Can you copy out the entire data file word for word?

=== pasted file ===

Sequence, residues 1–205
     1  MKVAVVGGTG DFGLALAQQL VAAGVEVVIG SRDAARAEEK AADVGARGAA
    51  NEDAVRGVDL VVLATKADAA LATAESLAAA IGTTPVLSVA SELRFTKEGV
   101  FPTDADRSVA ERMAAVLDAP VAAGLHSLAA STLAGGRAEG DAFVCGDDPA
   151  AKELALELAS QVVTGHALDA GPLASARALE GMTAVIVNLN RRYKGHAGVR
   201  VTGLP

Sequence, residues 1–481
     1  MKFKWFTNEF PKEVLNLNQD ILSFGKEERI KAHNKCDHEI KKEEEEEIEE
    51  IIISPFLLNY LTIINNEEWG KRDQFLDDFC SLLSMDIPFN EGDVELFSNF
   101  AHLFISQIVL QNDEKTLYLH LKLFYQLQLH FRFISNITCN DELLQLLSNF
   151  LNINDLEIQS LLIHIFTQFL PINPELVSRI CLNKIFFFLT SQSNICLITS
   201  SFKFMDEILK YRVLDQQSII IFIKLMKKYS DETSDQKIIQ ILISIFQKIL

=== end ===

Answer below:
Sequence, residues 1–205
     1  MKVAVVGGTG DFGLALAQQL VAAGVEVVIG SRDAARAEEK AADVGARGAA
    51  NEDAVRGVDL VVLATKADAA LATAESLAAA IGTTPVLSVA SELRFTKEGV
   101  FPTDADRSVA ERMAAVLDAP VAAGLHSLAA STLAGGRAEG DAFVCGDDPA
   151  AKELALELAS QVVTGHALDA GPLASARALE GMTAVIVNLN RRYKGHAGVR
   201  VTGLP

Sequence, residues 1–481
     1  MKFKWFTNEF PKEVLNLNQD ILSFGKEERI KAHNKCDHEI KKEEEEEIEE
    51  IIISPFLLNY LTIINNEEWG KRDQFLDDFC SLLSMDIPFN EGDVELFSNF
   101  AHLFISQIVL QNDEKTLYLH LKLFYQLQLH FRFISNITCN DELLQLLSNF
   151  LNINDLEIQS LLIHIFTQFL PINPELVSRI CLNKIFFFLT SQSNICLITS
   201  SFKFMDEILK YRVLDQQSII IFIKLMKKYS DETSDQKIIQ ILISIFQKIL